May Day was also a day to celebrate for the laborers, as most seeding was completed by May 1. This year of 2014, farmers and gardeners are challenged by this date. Farmer Dave on the 550 AM radio program said this morning that only 45% of the United States corn crop is in the ground already. This cold air lingering around does not help matters, and for others the drenching rains keep the farmers from completing their seeding. A group of farmers gathered for the first Thursday farmers’ market of this season in Clayton, Missouri this afternoon. I am excited to have them just down the street a 1/2 block from the building I work in. I will patronize them every Thursday after I finish my day at the office. Tonight I baked some fresh organic kale sprinkled wth olive oil and kosher salt. My recipe is on the What A Dish page of this WordPress blog. While at the farmers’ market, I picked up some ramps, a wild variety in the allium family. Some refer them to “wild garlic” or “wild leek”. These are an Appalachian delicacy that have made their way into upscale restaurants more recent years. My ex-husband’s family was from West Virginia, where ramps were skillet fried with potatoes and eggs. The house smells like ramps for days afterwards. Veggie season is in! This locavore is so excited!
According to my culinary book Food Lover’s Companion, primavera alla [pree-muh-VEHR-uhl] is the Italian phrase which means “spring style”. The Italian dish pasta primavera is an example of this culinary style. Fresh vegetables, are diced or julienne cut either raw, blanched, or lightly sauteed and added to al denta pasta tossed with olive oil and parmigiano-reggiano [pahr-muh-ZHAH-noh reh-zhee-AH-noh], Italy’s premier parmesan cheese. Well, this evening was my turn to cook dinner, as Chef Mick was off with his family with other dinner plans. I thought to make a fresh arugula pizza, but did not have any flour in the house. My low-gluten diet. One way or another I was using the organic baby arugula mix I bought at the store yesterday. Store-bought is not quite as tasteful as the home grown variety, but arugula’s destinctive flavor is what I craved, if you can tell by my previous blog. Spring fever has offically hit! I found a box of multi-grain penne, so I prepared them al dente. My kitchen’s vegetables on hand were lightly sauteed in 2 teaspoons of olive oil + 1 teaspoon of vegetable oil. So here are the ingredients found in Anna Marie’s Pasta Primavera made tonight:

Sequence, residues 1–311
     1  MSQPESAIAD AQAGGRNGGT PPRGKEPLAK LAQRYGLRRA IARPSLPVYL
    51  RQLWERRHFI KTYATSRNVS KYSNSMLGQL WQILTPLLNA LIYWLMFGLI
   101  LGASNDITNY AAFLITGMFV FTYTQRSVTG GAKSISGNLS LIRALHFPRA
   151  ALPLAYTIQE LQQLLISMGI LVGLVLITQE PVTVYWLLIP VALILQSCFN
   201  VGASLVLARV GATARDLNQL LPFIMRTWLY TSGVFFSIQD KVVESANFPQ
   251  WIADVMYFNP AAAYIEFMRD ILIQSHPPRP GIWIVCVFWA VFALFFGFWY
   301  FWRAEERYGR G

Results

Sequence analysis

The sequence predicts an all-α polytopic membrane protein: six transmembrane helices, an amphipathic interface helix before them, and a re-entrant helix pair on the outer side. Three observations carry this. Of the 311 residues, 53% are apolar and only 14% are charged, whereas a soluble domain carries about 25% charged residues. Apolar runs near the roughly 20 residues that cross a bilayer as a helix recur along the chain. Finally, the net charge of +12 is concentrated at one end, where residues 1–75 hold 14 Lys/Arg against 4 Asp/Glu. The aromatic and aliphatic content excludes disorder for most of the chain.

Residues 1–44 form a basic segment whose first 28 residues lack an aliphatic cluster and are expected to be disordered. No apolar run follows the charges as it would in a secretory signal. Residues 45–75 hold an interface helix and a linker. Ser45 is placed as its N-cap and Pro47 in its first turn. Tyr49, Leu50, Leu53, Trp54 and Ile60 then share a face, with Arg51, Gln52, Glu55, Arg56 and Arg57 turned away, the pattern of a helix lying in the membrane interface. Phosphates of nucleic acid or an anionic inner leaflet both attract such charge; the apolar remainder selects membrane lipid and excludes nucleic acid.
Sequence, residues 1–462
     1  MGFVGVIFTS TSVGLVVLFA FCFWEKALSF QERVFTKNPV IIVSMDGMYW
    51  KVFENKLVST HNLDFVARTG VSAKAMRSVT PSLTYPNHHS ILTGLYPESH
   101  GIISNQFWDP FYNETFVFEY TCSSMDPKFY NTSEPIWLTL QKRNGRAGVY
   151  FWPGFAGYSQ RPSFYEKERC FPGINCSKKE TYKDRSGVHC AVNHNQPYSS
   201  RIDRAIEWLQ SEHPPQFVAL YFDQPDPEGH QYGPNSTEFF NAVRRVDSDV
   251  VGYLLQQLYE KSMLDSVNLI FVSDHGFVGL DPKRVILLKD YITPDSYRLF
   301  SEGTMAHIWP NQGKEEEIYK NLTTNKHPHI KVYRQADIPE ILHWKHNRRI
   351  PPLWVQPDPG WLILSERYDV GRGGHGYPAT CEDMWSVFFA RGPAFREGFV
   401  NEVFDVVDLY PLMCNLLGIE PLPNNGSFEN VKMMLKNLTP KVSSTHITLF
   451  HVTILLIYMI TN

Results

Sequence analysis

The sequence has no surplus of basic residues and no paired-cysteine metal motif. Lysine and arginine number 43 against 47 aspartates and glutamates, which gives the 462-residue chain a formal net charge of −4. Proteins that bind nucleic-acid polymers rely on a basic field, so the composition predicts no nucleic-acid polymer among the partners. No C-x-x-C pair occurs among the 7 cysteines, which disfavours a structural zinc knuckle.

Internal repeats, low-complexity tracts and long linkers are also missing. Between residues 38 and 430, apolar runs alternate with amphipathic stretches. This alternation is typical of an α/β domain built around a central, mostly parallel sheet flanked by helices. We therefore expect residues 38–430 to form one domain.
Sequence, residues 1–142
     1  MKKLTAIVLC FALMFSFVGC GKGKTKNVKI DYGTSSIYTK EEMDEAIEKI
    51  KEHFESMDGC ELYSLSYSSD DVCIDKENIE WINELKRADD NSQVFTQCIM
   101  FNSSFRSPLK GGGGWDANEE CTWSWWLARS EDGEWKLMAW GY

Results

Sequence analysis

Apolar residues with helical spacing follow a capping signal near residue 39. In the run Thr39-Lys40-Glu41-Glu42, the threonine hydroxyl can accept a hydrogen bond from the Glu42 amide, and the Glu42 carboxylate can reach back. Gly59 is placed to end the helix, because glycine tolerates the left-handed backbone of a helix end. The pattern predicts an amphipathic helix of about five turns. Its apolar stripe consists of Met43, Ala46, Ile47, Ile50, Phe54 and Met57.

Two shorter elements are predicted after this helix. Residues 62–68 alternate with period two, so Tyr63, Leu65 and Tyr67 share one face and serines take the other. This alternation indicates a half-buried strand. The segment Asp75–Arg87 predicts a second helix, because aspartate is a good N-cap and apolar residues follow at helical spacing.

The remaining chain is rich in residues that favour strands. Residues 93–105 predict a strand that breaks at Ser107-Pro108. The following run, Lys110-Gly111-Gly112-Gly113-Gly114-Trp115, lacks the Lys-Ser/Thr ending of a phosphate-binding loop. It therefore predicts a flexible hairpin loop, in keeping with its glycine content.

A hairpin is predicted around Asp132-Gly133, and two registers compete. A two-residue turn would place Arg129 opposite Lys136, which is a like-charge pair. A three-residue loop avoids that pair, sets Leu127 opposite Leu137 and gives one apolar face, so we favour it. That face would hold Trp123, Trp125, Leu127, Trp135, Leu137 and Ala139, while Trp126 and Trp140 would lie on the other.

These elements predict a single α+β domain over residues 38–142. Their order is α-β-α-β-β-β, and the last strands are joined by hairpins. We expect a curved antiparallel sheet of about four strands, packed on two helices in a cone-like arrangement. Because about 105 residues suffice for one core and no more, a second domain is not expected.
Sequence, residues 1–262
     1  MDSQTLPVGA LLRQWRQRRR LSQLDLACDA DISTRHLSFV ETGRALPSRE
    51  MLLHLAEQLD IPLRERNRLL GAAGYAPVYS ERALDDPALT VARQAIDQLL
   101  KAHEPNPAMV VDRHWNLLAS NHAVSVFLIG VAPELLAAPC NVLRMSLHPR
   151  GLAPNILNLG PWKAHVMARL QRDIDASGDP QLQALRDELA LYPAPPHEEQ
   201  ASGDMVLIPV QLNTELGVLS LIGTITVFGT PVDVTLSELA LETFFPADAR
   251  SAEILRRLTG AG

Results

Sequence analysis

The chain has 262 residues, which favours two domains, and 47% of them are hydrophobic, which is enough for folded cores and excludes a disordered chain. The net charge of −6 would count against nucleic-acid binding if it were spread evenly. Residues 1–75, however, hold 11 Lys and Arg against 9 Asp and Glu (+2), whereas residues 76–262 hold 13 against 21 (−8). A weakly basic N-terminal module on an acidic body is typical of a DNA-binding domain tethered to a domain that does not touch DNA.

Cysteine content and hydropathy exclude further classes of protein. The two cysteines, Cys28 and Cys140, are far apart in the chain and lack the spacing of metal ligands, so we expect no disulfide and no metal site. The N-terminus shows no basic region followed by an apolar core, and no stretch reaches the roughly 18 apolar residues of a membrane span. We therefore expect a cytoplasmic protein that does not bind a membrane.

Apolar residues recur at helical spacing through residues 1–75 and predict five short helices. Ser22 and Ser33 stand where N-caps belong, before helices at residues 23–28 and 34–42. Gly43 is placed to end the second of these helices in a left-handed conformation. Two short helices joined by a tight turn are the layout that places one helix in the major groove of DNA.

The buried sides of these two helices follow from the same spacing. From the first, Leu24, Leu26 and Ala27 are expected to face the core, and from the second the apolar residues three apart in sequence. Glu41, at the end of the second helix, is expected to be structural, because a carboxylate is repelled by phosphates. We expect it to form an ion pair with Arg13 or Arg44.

2 Deanna Greens And Garden Art dried jalapeno peppers, hydrated and chopped finely
1/2 cup yellow squash chunks
1/2 cup zucchini squash chunks
3 large button mushrooms, chopped in chunks
1/4 cup fresh baby arugula leaves
1-1/2 teaspoon dried basil leaves
1/2 teaspoon garlic powder
1/4 teaspoon Kosher salt
1/3 cup petite cut tomatoes
1/3 cup + shredded Italian cheese blend
10 oz penne pasta, cooked al dente, drained, coated with 1 teaspoon olive oil
Here are the recipe instructions:
1. Heat both oils in a medium skillet.
2. Add the finely chopped jalepeno peppers to the heated oil; saute for 30 seconds.
3. Add both squash and mushroom chunks to the skillet; saute 3 minutes.
4. Toss in arugula; stir to coat with oil.
5. Toss in basil, garlic powder, and salt; stir.
6. Stir in tomatoes and 1/3 cup cheese.
7. Toss saute vegetables with al dente pasta.
8. Pour into bowls; garnish with additional shredded cheese, if desired.
Sure savored every bite of this dish. Buonanotte!